Jackson Lewis attorneys are available to assist with questions regarding foreign national students, their employment, and strategies for retention.

Washington, D.C. joins a growing group of states requiring employers to include projected salary ranges in job postings and to restrict the use of pay history in setting pay.

On Jan. 12, 2024, the mayor of D.C. signed the Wage Transparency Omnibus Amendment Act, which, among other things, requires private employers, regardless of size, to disclose pay ranges in all job postings and advertisements. Because the D.C. budget is controlled by Congress, the Amendment was sent to Congress for a 30-day review on Jan. 22, 2024, with a projected law date of March 9, 2024. The new law is scheduled to go into effect on June 30, 2024.

The Amendment requires employers to include in job postings the minimum and maximum projected salary or hourly wage for the position. Employers not only must disclose the projected salary in public job postings, but they also must do so in any internal job postings of the position. The Amendment also requires employers to disclose to prospective employees the existence of other benefits (such as healthcare or bonuses) before the first interview.

The Amendment prohibits employers from screening job applicants based on wage history. The Amendment does not specifically address remote positions.

Employers will be required to post a notice in the workplace notifying employees of their rights under this law. The notice must be posted in a conspicuous place in at least one location where employees congregate.

The new requirements under the Amendment will also affect the PERM labor certification process for employers sponsoring foreign nationals for “green cards.” Employers can prepare for these changes by:

  • Reviewing and modifying, as needed, all recruitment postings (both external and internal) to ensure these postings include the required salary ranges.
  • Reviewing internal interviewing protocols to ensure disclosure of benefit information upon request or before conducting a screening interview (whether by phone or in person) with an applicant for the PERM position.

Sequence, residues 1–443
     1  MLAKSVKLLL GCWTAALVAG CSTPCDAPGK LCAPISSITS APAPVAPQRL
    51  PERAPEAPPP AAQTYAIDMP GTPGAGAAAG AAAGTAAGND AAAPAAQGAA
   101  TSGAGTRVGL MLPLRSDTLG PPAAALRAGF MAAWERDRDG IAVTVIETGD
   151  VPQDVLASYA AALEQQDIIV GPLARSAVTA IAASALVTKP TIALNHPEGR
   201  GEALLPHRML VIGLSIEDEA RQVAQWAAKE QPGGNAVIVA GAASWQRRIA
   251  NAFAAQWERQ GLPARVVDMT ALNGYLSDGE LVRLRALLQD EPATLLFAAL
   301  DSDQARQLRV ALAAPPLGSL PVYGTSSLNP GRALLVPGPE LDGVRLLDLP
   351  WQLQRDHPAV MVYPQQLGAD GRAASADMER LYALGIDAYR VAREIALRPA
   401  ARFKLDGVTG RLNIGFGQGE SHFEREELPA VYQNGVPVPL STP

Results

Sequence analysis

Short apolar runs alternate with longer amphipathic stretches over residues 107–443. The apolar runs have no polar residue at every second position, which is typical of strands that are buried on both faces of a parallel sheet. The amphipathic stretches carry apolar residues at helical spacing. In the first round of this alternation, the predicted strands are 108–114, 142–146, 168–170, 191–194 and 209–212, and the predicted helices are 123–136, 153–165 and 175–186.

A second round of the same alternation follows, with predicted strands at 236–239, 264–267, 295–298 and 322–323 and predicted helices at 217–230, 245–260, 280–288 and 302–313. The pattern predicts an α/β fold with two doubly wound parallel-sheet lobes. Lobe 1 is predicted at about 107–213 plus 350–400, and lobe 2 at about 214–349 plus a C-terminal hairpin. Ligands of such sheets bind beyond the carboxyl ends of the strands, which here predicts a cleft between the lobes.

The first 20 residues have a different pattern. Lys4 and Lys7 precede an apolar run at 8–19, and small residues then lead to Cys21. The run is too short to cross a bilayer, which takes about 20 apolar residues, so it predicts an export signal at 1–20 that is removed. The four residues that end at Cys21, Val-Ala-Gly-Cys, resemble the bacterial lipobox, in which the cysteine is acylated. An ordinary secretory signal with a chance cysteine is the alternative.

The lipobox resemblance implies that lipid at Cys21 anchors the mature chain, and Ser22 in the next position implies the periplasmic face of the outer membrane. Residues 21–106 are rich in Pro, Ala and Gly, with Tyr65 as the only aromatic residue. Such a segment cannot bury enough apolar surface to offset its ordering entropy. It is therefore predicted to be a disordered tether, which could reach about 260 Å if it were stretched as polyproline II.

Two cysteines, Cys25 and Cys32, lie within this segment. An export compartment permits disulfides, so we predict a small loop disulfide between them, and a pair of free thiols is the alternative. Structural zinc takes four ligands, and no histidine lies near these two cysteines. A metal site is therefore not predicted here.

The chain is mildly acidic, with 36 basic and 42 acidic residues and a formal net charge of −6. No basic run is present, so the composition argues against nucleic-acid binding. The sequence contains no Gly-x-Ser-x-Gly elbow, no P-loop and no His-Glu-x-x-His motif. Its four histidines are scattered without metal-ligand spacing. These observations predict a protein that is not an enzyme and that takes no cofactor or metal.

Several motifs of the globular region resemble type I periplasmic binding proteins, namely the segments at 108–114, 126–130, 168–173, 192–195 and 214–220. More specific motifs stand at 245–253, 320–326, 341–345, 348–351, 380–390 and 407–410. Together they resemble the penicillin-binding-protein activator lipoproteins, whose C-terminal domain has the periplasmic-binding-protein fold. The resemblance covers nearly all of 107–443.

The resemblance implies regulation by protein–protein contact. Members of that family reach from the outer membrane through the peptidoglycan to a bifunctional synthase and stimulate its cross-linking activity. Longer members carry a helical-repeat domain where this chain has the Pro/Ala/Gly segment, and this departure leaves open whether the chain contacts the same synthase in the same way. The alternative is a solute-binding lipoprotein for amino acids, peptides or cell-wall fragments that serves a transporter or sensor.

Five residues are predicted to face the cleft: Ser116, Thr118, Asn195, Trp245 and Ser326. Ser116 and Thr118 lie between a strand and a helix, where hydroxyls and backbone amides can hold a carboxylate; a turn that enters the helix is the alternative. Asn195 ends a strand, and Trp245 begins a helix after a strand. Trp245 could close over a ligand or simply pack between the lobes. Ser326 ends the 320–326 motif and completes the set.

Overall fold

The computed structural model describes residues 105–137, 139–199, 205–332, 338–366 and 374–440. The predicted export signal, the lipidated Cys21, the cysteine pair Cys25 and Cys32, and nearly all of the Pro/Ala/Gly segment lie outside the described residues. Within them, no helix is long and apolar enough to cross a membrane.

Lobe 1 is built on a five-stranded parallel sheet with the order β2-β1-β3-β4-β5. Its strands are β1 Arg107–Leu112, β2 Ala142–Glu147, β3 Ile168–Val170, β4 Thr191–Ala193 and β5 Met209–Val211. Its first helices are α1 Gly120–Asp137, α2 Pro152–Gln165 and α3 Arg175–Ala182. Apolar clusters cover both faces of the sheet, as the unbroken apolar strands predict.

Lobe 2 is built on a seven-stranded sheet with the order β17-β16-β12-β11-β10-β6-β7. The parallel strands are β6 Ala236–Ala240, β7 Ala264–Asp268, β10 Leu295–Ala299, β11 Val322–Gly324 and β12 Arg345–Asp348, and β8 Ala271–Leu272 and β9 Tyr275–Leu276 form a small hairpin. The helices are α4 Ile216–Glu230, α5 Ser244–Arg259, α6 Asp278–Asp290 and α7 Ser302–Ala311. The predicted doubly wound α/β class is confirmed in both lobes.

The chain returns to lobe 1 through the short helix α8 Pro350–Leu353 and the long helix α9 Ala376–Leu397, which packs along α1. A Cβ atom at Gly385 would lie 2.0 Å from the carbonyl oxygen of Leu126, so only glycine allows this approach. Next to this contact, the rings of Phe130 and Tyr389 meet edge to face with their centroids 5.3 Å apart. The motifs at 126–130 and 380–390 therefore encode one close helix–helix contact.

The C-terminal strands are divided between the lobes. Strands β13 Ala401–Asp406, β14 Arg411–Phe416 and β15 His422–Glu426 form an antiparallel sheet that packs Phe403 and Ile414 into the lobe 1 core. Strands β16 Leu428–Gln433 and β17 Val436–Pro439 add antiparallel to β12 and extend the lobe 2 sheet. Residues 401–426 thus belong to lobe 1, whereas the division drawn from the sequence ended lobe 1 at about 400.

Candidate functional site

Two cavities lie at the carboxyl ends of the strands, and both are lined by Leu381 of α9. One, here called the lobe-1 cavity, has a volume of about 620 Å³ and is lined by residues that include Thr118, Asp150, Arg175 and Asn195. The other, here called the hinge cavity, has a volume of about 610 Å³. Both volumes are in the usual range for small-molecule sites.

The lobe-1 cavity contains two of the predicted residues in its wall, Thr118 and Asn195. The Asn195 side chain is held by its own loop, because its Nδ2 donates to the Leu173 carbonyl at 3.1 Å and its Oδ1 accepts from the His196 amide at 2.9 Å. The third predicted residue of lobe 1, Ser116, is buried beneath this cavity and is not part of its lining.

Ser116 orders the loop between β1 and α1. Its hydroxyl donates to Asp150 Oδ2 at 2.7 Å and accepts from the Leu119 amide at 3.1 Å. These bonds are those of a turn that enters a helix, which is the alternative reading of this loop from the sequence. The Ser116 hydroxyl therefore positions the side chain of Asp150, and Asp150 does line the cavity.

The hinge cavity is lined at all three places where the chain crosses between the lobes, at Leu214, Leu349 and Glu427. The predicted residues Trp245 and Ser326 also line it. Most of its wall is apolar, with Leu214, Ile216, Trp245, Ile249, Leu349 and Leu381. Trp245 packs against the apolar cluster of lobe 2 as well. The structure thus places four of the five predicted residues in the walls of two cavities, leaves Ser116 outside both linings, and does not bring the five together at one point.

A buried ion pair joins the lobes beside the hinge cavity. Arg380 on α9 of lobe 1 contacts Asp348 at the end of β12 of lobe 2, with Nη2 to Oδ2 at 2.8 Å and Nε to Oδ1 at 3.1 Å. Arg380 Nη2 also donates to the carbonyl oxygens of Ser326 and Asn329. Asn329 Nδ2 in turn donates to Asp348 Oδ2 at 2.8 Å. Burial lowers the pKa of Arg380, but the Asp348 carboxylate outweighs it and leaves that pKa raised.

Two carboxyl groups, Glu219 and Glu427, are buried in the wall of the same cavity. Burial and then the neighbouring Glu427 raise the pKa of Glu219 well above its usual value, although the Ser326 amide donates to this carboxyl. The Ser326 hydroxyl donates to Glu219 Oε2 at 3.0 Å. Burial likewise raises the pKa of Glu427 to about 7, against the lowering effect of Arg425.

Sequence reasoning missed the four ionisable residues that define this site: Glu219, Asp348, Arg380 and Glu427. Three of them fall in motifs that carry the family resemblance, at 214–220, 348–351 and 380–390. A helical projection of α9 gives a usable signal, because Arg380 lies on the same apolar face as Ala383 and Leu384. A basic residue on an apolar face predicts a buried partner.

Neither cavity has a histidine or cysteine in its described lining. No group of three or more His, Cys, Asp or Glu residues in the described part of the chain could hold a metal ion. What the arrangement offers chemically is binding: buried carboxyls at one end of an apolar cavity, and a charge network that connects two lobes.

• Reviewing internal interviewing protocols to ensure no historical pay information is requested from prospective employees or from their prior employers. Indeed, this would not even be relevant because the applicant for the PERM position will know the salary range.
  • Training employees involved in the PERM process on the benefit disclosure requirements and the salary history restrictions.

The law aims to increase pay equity and to address historical wage gaps. While the law does not create a private right of action for employees, the Amendment provides the attorney general the authority to investigate violations and to bring civil actions against an employer or seek remedies on behalf of individuals or the public. Employers found to have violated the law may be subject to civil fines ranging from $1,000 to $20,000 per occurrence.

Jackson Lewis attorneys are available to assist in navigating the best strategy for PERM processes in light of the many new pay transparency laws.

President Joe Biden announced Deferred Enforced Departure (DED) for up to 18 months for Palestinians currently residing in the United States. The president took this action due to the terrorist attacks on Israel on Oct. 7, 2023, the military response, and the humanitarian conditions in the Palestinian territories, particularly Gaza. Individuals do not need to apply for DED if they meet the eligibility conditions. But an application is required if they desire work authorization.

It is believed that the grant of DED will affect approximately 6,000 Palestinians who have been present in the United States since Feb. 14, 2024. It will not include anyone:

  • Who has voluntarily returned to the Palestinian territories after Feb. 14, 2024;
  • Who has not continuously resided in the United States since Feb. 14, 2024;
  • Who is not admissible or is subject to extradition; or
  • Whose presence in the United States presents a danger to public safety or potential serious adverse foreign policy consequences.

DED is temporary relief from removal that the president may authorize. In conjunction with DED, President Biden has authorized the Department of Homeland Security to suspend certain requirements for Palestinian F-1 students who, due to the conditions in their home territory, need to be able to work longer hours and attend fewer courses than is usually allowed.

Individuals from Hong Kong and Liberia are also authorized for DED.

Details regarding Palestinian DED and instructions on how to apply for work authorization are due to be published in the Federal Register soon.

Jackson Lewis attorneys are available to answer any questions regarding DED, Temporary Protected Status, and verification of work authorization for those in these categories.